And there are a lot of other observations, not as neatly numerical as physicists tend to like, but quite clear and perhaps even more meaningful as indicators of large-scale change on a time scale of decades. Those come from the broad area of biology, conspicuously including ecology. Many observers, like Dan Smiley (whose work I mentioned in “Research I” in April 2009), have collected data in a wide range of places clearly showing a trend in recent years toward longer growing seasons, earlier blooms, and later fall color changes. In animals, which are inherently more portable than plants, the symptoms are different but the gist is the same. A given species tends to be adapted to a more or less sharply defined range of climatic conditions. If climate changes, the animals move, vacating areas that have become less hospitable to them and spreading into areas that have become more so.

Many of them have been doing just that, and the trend is almost invariably away from the equator and toward the poles, or from warming valleys toward cooler summits. I'm personally familiar with some examples. I vividly remember when the first red-bellied woodpeckers and black vultures, which I'd always thought of as southern species, appeared in the New York area; the woodpecker has now become quite common and the vulture fairly common. An experienced birder who's lived here longer than I have tells me that Carolina wrens got here just a few years before I did, and they're now common, too. If you browse through the range maps in a good field guide to birds, you'll see quite a few notations like “Expanding Northward.” I'm not sure I've seen any going the other way. You can find similar trends among other groups of animals, but they're most obvious among birds because of their extraordinary mobility.

One nonbird that's dramatically feeling the pinch is the pika, a small mammal related to rabbits and limited to a narrow zone of rocky alpine areas. Pikas are especially fussy about temperature, so they're being forced higher and higher as their old haunts grow warmer. That means they have less and less potential habitat, and rangers and naturalists I've talked to in the Rockies are seriously concerned about their prognosis.[2]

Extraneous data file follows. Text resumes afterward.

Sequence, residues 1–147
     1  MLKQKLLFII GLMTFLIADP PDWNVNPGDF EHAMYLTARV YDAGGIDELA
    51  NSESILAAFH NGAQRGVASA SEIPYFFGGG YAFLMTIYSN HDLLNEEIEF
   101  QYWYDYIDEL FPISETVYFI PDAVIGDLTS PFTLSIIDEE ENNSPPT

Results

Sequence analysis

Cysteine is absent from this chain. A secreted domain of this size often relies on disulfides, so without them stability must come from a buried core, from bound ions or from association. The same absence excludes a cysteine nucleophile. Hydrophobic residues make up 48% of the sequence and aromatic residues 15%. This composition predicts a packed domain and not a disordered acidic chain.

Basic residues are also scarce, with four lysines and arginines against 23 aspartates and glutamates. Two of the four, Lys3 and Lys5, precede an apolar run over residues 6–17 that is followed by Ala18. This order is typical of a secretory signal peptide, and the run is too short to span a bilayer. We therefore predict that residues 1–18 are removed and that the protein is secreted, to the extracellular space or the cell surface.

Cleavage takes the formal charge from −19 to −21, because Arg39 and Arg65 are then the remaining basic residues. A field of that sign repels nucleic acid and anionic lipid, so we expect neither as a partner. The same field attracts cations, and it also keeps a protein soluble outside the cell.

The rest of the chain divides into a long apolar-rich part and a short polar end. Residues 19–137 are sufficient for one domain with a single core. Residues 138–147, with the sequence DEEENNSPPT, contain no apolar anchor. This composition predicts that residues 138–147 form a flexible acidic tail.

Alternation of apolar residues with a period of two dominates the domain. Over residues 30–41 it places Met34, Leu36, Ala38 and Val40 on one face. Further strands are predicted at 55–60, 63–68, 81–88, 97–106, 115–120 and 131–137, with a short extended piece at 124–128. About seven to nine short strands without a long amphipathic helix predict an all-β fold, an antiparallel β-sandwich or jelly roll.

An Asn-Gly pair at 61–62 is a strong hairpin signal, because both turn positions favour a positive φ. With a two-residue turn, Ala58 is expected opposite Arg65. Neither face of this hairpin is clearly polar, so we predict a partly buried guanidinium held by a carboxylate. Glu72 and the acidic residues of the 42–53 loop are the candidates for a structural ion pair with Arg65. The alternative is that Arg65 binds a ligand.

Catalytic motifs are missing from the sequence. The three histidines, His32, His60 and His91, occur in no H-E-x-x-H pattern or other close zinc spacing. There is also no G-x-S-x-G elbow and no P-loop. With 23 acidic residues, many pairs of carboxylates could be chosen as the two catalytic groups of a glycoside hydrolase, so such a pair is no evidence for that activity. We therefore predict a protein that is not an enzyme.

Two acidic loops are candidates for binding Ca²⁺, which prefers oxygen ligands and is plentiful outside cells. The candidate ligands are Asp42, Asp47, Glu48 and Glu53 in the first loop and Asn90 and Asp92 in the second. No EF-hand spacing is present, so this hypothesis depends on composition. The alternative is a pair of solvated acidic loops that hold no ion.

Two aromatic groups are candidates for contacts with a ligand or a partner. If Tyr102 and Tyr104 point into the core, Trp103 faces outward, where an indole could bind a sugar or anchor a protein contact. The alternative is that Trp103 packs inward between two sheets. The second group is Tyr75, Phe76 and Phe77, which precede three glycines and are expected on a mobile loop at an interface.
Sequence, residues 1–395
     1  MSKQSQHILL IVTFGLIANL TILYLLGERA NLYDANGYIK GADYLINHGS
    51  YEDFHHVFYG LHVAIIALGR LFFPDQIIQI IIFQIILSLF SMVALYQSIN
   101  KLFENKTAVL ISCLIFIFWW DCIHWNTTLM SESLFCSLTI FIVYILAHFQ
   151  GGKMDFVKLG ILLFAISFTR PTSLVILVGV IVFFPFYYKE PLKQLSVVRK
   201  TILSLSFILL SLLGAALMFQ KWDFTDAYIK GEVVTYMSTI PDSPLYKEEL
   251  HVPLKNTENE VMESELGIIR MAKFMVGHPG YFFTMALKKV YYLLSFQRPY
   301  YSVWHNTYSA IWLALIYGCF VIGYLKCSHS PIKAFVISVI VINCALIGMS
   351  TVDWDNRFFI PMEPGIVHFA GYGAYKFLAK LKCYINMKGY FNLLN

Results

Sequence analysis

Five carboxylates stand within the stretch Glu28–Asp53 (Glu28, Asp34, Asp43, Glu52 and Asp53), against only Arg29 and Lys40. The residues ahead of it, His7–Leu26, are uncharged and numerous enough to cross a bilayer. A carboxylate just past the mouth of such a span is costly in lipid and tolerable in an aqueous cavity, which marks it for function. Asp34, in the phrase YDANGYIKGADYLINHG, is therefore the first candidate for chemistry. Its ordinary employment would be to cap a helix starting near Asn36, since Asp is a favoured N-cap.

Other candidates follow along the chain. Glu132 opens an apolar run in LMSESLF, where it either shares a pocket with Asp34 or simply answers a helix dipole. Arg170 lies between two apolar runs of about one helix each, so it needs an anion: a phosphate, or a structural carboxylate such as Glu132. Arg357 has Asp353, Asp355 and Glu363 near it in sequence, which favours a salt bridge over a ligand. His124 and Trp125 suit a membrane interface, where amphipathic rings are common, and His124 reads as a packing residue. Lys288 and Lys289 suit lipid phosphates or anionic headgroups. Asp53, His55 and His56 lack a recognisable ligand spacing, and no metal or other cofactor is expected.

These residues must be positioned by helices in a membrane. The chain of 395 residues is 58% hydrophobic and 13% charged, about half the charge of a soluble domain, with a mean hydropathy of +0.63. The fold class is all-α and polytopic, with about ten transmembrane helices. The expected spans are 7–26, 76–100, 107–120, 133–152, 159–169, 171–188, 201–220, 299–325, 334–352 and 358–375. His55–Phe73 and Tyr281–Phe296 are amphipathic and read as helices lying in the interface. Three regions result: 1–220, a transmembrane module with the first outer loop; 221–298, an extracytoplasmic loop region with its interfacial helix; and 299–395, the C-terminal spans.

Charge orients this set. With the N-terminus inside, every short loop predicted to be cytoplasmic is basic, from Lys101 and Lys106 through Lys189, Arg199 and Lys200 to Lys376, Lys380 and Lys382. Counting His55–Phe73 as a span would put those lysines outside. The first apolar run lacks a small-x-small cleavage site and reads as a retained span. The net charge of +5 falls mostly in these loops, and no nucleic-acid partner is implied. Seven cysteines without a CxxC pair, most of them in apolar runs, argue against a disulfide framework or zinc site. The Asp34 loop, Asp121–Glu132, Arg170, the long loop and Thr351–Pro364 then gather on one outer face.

A similar concern applies, by the way, to less particular creatures (like us) who have the option of moving farther from the equator. I've heard it argued that a reasonable amount of global warming wouldn't really be that much of a problem for humans, except for the inconvenience of relocating, because if land near the tropics gets too hot, that near the poles will become more welcoming and we can shift our lives and agriculture there. But don't let the distortion of the Mercator projection fool you—the farther from the equator you get, the less real estate there is in any “equal” latitude range such as 5 degrees, as you can easily verify either by calculating or by looking at a globe.

Skepticism—in the sense of questioning everything—is good. But to get its benefits, you have to be open to listening to all the answers, not just the ones that support what you want to believe. And if you find that some of the data being used in an argument are flawed, you must not fall into the trap of thinking that proves or disproves any of the competing hypotheses. You have to look, with a critical eye, at
the data.

* * * *

[FOOTNOTE 1: In keeping with Jeff's insistence that the quality of all data should be scrutinized, I assume measures were taken to evaluate the quality of the volunteers’ observations, though he didn't mention what they were.]

BOOK: Analog SFF, April 2010
3.92Mb size Format: txt, pdf, ePub

Other books

The Beggar King by Oliver Pötzsch; Lee Chadeayne
Sweet Bargain by Kate Moore
Lie in Wait by Eric Rickstad
Guardian: Volume 5 by Ella Price
Playing to Win by Avery Cockburn
Embracing Ember by Astrid Cielo
The Last Days of Krypton by Kevin J. Anderson